Dr Adeoye O Akinola is head of research and teaching at the University of Johannesburg’s Institute for Pan-African Thought and Conversation. He recently penned an opinion article that first appeared in The Star: 9 September 2021.
In July, South Africans and the global community watched in horror as lawlessness and violence, unprecedented in the country’s democratic history, were unleashed. What had started as pro-Zuma protests, after his imprisonment for contempt of court, became a free-for-all looting spree, uncontrolled criminality, and wholesale arson of factories and warehouses that caused an estimated R50 billion in damages. More than 40 000 businesses, and 300 banks and post offices were destroyed, 300 lives were lost in KwaZulu-Natal and Gauteng.
While the Cyril Ramaphosa-led government could have reacted more swiftly, the administration has restored order to the warring zones due to the resilience of South Africa’s socio-political institutions. However, some of the conflict areas remain volatile.
Further afield, on July 29, the capital of Chad, N’Djamena, was a theatre of mass protest in opposition to the military junta, which took control of the country after the long- serving ruler, president Idriss Déby Itno, died in April while reportedly leading a four-week offensive against rebels in northern Chad.
The military, now led by Idriss’s son, Mahamat Idriss Déby Itno, immediately assumed power. The main opposition party, The Transformers, and civil society actors mobilised the people against the democratic reversal such as repealing the constitution and “the confiscation of power” by the Transitional Military Council under Mahamat’s leadership. Mahamat has personalised power since April and embarked on regime consolidation, together with 14 generals who were loyal to his father.
The Chadian military has tried to gain local and international alliances but based on their autocratic nature, there is a growing apprehension about the future of democracy in the Central African country. While France had initially pledged support for the military regime, it has since made a dramatic U-turn and called for the formation of a civilian national unity government.
Chad, which serves as the main Western ally against Islamic militants across the Sahel, has been battling with an armed group, the Front for Change and Concord in Chad. About nine people were reportedly killed during the July protest, and seven died during similar protests in April and May. Intercommunal clashes and flooding, caused by climate change, continue to also claim lives and displace people in Lac province.
In March, between 20 000 and 30 000 were forced to flee because of sporadic attacks in Bohoma, a village in the province. They joined the 208 000 internally displaced persons (IDPs) and 13 900 refugees in Lac province.
Other African states have experienced incessant threats to human security. In Nigeria, a UN Development Programme report recently revealed that attacks from the dreaded Boko Haram, including its splinter group – Islamic State West Africa Province, and Fulani herdsmen have resulted in 2.7 million IDPs and 350 000 deaths.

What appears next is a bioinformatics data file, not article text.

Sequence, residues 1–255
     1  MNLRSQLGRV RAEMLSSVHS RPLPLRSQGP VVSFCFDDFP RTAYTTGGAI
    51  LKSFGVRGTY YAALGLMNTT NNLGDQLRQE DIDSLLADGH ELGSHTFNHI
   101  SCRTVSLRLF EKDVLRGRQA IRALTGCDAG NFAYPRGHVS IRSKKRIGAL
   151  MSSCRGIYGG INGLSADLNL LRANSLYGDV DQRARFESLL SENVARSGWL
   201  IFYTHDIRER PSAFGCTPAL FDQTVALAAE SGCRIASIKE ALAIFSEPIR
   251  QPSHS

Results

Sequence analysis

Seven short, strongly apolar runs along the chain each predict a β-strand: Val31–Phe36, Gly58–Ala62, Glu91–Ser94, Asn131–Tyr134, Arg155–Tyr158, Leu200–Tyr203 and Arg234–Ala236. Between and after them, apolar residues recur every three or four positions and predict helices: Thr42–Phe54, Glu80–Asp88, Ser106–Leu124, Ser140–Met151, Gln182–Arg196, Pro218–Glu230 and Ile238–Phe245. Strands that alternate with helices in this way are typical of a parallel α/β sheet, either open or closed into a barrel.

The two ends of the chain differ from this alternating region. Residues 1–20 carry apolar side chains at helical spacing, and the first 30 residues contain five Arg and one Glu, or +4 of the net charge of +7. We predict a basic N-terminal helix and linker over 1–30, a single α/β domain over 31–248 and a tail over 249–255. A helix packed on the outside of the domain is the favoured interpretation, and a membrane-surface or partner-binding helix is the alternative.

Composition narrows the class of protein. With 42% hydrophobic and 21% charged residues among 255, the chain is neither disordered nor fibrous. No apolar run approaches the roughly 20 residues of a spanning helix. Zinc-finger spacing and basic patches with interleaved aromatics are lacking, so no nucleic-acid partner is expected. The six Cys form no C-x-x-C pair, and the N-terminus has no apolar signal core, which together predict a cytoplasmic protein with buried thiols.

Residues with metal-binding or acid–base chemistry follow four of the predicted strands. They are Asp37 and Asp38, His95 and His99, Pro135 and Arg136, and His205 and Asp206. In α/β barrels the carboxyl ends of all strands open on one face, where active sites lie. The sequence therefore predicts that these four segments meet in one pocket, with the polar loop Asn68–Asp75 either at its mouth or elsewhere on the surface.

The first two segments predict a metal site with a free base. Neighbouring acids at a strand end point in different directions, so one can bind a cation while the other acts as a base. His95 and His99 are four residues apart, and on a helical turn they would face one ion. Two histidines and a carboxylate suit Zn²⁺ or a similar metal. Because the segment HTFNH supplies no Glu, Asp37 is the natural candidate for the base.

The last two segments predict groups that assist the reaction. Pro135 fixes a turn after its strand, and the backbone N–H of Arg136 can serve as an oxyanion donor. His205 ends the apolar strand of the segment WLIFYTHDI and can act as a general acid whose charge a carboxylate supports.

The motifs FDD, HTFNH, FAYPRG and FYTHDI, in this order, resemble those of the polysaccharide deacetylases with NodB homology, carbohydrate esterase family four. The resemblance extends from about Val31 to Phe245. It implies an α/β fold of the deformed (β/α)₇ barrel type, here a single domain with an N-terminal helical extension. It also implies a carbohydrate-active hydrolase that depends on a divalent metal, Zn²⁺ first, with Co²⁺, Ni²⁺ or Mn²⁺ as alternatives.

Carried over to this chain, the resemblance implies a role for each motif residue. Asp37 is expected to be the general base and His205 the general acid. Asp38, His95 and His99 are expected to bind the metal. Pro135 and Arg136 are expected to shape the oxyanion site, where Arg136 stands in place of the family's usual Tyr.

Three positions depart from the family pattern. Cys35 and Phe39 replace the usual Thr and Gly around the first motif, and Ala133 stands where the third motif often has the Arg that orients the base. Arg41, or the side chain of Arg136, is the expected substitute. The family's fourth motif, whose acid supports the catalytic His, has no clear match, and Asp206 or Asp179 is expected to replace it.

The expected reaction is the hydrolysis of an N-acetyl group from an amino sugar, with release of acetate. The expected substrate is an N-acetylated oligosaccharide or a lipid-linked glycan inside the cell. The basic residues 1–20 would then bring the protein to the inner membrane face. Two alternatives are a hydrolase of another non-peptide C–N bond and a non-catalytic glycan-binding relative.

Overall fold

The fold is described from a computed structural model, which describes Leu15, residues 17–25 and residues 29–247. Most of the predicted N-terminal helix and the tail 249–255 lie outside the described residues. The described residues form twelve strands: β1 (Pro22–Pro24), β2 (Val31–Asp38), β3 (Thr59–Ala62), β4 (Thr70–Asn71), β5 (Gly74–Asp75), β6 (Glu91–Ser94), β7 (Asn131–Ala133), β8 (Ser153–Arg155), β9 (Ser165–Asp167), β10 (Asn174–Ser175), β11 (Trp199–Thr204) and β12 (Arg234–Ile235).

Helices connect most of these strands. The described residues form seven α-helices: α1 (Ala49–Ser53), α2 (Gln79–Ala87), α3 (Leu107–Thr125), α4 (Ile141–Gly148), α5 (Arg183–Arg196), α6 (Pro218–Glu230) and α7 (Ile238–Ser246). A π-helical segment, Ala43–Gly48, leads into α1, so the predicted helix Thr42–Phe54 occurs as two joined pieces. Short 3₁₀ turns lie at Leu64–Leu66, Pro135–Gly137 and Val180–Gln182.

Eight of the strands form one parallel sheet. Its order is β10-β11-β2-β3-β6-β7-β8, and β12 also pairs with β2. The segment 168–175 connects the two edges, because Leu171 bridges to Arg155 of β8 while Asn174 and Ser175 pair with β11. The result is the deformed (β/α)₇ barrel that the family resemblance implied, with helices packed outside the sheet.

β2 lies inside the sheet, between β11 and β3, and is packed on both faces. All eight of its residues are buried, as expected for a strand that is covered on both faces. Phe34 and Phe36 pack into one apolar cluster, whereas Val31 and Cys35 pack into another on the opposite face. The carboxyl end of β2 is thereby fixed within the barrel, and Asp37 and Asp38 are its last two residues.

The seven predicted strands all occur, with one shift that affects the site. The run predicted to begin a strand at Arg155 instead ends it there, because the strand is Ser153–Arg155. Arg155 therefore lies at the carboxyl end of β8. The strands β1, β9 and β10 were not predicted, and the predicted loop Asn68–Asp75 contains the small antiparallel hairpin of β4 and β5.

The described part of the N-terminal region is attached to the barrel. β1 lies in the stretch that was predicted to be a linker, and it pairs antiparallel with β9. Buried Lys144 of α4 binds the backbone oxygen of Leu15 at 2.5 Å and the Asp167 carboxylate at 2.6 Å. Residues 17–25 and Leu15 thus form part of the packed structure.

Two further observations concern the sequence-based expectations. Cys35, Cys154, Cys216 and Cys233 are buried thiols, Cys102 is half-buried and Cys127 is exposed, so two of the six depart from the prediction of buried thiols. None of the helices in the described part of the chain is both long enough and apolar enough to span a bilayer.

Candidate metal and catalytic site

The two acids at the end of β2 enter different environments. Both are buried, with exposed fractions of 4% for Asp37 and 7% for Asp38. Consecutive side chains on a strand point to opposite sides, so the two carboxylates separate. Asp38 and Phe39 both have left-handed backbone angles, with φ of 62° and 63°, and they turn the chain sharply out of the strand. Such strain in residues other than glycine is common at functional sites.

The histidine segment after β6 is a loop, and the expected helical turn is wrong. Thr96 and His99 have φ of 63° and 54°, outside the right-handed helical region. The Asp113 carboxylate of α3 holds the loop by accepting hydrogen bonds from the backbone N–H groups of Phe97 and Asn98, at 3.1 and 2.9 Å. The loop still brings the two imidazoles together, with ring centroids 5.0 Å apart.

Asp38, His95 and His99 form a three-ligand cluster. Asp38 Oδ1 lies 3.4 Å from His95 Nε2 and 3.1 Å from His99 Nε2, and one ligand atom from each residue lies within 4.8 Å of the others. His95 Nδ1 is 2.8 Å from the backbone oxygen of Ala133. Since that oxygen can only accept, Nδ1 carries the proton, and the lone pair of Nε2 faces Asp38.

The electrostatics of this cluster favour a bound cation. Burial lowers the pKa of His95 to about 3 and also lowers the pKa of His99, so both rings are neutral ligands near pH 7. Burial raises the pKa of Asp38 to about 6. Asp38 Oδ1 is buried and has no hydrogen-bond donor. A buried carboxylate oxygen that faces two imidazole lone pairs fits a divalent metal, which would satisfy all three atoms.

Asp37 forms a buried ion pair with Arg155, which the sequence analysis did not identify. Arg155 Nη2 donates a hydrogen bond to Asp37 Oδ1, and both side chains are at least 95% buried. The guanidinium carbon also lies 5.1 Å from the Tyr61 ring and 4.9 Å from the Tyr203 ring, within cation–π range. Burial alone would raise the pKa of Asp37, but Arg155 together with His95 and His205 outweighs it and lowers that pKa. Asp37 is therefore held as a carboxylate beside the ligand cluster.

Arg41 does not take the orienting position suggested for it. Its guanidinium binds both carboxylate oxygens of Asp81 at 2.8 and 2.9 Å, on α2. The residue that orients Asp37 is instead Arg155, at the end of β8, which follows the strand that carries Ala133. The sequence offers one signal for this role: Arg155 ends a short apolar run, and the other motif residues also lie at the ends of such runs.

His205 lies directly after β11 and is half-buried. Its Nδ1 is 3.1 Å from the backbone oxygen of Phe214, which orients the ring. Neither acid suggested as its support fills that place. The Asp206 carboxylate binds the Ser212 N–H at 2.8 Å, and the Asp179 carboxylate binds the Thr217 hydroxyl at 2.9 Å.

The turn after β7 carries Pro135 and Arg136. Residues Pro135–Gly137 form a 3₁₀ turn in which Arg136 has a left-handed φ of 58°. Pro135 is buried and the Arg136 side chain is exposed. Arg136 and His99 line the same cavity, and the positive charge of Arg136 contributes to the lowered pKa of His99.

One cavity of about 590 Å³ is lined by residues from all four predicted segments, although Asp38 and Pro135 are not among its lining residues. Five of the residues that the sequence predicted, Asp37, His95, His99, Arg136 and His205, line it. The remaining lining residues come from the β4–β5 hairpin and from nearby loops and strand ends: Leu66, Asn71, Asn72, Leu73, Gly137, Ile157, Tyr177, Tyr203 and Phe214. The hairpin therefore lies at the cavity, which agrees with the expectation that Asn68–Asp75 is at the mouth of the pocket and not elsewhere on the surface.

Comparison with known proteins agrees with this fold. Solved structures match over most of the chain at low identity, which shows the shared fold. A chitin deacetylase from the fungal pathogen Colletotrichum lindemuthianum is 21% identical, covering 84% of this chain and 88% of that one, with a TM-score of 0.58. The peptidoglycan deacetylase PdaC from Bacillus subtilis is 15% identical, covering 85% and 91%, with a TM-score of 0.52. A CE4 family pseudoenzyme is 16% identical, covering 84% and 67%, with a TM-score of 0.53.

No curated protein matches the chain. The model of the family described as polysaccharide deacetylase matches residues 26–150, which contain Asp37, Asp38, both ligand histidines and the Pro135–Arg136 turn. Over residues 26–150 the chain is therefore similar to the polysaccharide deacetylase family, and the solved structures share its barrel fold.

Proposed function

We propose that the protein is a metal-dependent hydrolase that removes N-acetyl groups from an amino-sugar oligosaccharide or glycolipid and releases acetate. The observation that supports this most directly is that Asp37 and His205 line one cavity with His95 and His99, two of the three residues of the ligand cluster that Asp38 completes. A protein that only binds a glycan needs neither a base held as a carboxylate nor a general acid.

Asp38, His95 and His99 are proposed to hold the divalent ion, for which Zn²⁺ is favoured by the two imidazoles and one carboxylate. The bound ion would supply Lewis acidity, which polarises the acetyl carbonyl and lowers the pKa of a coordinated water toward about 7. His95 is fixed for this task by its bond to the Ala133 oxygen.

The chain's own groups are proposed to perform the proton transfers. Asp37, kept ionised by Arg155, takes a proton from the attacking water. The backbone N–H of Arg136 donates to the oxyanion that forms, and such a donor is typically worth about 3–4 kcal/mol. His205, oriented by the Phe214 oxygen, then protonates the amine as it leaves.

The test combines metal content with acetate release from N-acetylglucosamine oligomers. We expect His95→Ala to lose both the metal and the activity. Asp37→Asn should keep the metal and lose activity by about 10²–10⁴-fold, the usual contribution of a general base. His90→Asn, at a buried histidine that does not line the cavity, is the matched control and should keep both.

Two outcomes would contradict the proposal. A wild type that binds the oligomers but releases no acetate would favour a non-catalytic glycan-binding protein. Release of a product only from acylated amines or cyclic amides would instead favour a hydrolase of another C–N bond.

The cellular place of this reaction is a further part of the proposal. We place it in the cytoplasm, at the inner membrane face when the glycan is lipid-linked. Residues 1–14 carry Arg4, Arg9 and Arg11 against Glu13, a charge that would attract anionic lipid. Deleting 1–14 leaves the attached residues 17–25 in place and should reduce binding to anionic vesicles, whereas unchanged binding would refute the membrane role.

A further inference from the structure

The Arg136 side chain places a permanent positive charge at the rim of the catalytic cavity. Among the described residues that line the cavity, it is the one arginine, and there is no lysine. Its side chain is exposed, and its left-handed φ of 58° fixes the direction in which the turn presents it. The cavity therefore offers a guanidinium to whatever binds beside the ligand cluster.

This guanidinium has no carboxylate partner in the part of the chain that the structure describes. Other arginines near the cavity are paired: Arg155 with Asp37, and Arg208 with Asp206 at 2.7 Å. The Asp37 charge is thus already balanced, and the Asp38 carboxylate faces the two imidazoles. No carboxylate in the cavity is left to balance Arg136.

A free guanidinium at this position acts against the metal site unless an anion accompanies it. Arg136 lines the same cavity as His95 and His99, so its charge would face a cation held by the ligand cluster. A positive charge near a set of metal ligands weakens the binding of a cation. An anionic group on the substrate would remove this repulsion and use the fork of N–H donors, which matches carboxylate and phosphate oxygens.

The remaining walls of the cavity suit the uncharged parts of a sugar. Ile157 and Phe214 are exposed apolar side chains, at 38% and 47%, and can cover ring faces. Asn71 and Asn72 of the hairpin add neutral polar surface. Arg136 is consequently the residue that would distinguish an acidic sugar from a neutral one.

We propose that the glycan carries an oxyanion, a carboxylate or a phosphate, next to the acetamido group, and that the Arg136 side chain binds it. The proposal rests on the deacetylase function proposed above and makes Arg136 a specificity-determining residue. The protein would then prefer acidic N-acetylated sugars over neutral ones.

Besides the infiltration of Boko Haram’s terrorism in Chad, the spill-over effects of conflicts in its neighbouring countries – Cameroon, Libya, Sudan, and Niger – have compounded its quest for stability. According to the UN High Commissioner for Refugees, 237 000 refugees and 300 000 IDPs are living in Niger, which includes an additional 4 000 refugees and 2,000 newly displaced in 2021 due to attacks in the Tillabéri and Tahoua regions.
In June, armed men unleashed violence on a village – Solhan – in north-east Burkina Faso near the Nigerian border. This attack claimed 138 lives and 40 sustained injuries, and the gun-wielding men set residential areas and the market ablaze.
In 2016, what started as a protest by the two anglophone regions against marginalisation by the majority French-speaking government has turned Cameroon into a war zone. The violent conflict between the central government and minority separatist groups has killed more than 4 000 people and displaced more than a million, including 66 899 refugees who fled to Nigeria.
Boko Haram has killed more than 3 000 people and displaced 250 000 in northern Cameroon. The country has also played host to 441 000 refugees, mostly from Nigeria and the Central African Republic.
Despite slow efforts to silence the guns in Africa, cases of bloodletting abound. What accounts for the expanding proliferation of conflicts? Colonial legacy? While this is close to the heart, the false promise of liberal democracy and capitalism systems have exposed the fragility of the disjointed elitist states that are dependent on global financial oligarchs, many of which are governed by greedy, corrupt, and inept leaders.
Democratisation in Africa, which is seen as the antidote to both internal resurrections and external aggressions, has deepened poverty, structural violence, identity assertiveness and the politicisation of ethnic groups. Poverty remains closely associated with conflict. Of the 157 countries ranked in the 2019 global Human Capital Index, Chad occupied the last position, with 6.3 million Chadians living in extreme poverty.
Military intervention is nothing but an aberration. Africa’s governing elites should implement effective governance and tackle the root causes of conflict – inequality and poverty. National, sub-regional, and regional actors should focus on “silencing the pervasive poverty” in Africa, before reviewing the ambitious AU’s project of “silencing the guns”.
*The views expressed in the article is that of the author/s and does not necessarily reflect that of the University of Johannesburg.